flexiblefullpage - default
Currently Reading

Will the Housing Market Bounce Back After the Coronavirus?

billboard - default

Will the Housing Market Bounce Back After the Coronavirus?

April 15, 2020
woman wearing protective face mask and latex gloves with shopping carts in carpark outside grocery store
By Rawpixel.com

We are just half way through the month of April, but as buyer traffic dwindles and layoffs abound, it already feels like we’ve had a year’s worth of stress. Good news? The full effect of the coronavirus on the housing market will not last long, according to Sam Khater, Freddie Mac’s chief economist. Although it will take a long time to fully recover, the economist says that much of the damage will be contained to the first half of 2020, and after that, the housing market will start its recovery, thanks to low mortgage interest rates, low inventory, and an expected increase in demand.

The brunt of the coronavirus' impact on the housing market will hit in the first half of 2020, with a likely recovery and pick up in home sales in the second half, according to Freddie Mac.

"Although the uncertainty of the crisis means forecasts of economic activity are more unclear than usual, we expect that most of the economic damage from the virus will be contained to the first half of the year," Sam Khater, Freddie Mac's chief economist, said in a press release. "Going forward, we should see a recovery starting in the second half of 2020, though it will take some time for the economy to fully bounce back."

Read More

Related Stories


Aging in Place: My Aunt Nancy’s New ADU

An apartment addition for an accessory dwelling unit to allow a family member to age in place presents several challenges and lessons learned for both the homeowners and contractor alike

Housing Markets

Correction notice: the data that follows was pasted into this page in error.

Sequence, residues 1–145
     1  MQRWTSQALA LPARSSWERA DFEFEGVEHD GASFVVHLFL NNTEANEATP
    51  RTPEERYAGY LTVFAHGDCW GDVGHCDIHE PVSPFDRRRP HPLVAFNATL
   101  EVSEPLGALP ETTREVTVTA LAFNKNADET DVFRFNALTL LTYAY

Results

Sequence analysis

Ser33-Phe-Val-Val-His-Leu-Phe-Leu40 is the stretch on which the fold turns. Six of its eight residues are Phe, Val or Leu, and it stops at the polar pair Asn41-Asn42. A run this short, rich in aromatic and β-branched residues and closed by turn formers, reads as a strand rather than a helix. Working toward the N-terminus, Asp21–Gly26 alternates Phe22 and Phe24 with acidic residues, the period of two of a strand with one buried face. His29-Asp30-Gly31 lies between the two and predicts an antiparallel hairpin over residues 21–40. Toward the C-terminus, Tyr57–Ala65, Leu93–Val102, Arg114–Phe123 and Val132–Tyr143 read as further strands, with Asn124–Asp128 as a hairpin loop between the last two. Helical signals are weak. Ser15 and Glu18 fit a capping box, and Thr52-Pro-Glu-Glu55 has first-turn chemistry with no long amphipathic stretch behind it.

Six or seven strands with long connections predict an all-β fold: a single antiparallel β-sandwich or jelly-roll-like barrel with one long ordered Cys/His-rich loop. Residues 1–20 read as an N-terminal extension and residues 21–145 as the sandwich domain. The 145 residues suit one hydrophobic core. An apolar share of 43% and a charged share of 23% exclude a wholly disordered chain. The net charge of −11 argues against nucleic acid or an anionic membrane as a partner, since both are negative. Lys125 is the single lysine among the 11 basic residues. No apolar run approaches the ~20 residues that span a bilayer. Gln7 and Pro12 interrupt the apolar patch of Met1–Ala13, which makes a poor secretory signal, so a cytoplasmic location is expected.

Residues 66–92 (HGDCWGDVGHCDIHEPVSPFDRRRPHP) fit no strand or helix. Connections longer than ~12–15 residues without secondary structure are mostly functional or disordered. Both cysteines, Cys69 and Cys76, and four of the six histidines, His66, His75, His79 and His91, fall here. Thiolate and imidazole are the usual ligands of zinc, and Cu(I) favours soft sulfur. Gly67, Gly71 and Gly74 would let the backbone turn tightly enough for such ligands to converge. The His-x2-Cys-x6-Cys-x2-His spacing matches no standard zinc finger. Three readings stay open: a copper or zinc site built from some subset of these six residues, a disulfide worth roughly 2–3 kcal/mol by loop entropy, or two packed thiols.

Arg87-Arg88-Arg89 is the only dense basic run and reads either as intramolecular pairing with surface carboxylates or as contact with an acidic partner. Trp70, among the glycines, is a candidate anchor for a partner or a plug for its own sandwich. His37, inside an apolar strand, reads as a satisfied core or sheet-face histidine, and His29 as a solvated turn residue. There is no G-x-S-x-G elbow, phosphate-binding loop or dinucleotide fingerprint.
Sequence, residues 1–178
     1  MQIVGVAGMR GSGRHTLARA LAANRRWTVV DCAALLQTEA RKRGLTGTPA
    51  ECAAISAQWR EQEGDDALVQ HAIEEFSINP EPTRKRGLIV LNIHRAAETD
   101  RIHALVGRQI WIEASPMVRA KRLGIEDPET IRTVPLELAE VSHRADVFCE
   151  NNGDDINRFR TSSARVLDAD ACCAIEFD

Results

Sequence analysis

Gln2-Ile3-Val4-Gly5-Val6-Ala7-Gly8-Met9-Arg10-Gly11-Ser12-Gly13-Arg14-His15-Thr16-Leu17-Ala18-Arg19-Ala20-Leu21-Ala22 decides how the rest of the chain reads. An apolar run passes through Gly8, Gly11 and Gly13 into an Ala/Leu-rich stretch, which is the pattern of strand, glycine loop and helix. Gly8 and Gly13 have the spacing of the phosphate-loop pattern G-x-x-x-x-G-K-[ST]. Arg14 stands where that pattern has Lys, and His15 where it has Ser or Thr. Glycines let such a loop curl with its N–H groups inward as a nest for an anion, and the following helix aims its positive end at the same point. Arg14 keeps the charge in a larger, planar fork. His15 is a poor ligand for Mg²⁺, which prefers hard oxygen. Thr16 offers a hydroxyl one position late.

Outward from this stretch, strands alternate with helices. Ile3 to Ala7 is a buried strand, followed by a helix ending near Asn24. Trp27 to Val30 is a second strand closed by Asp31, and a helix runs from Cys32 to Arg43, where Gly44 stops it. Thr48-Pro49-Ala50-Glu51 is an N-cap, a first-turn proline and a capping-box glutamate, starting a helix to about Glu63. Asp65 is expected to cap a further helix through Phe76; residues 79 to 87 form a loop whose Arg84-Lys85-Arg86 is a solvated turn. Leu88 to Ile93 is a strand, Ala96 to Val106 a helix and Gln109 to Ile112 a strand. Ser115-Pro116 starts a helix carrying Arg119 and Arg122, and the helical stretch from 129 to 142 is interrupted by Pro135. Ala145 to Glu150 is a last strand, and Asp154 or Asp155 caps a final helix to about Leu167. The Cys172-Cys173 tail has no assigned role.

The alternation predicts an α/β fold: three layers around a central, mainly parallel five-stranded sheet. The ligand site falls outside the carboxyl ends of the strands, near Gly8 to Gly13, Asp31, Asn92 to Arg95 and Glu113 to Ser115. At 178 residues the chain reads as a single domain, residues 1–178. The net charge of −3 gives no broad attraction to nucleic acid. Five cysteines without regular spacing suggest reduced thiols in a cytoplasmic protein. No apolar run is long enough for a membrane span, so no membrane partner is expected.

Average Homebuyer Income Increased Considerably in 'Pandemic Boomtowns'

Remote workers moving to Boise, for example, have raised the average annual income of homebuyers by 24%, to $98,000

Housing Giants

What Now for Residential Construction? The Housing Industry Post-Pandemic

The COVID-19 pandemic is essentially over, but the disruption to the housing industry that lies in its wake will be felt for years to come

boombox1 -
native1 - default
halfpage2 -

More in Category

native2 - default
halfpage1 -

Create an account

By creating an account, you agree to Pro Builder's terms of service and privacy policy.

Daily Feed Newsletter

Get Pro Builder in your inbox

Each day, Pro Builder's editors assemble the latest breaking industry news, hottest trends, and most relevant research, delivered to your inbox.

Save the stories you care about

Lorem ipsum dolor sit amet lorem ipsum dolor sit amet lorem ipsum dolor sit amet.

The bookmark icon allows you to save any story to your account to read it later
Tap it once to save, and tap it again to unsave

It looks like you’re using an ad-blocker!

Pro Builder is an advertisting supported site and we noticed you have ad-blocking enabled in your browser. There are two ways you can keep reading:

Disable your ad-blocker
Disable now
Subscribe to Pro Builder
Already a member? Sign in
Become a Member

Subscribe to Pro Builder for unlimited access

Lorem ipsum dolor sit amet, consectetur adipisicing elit, sed do eiusmod tempor incididunt ut labore et dolore magna aliqua.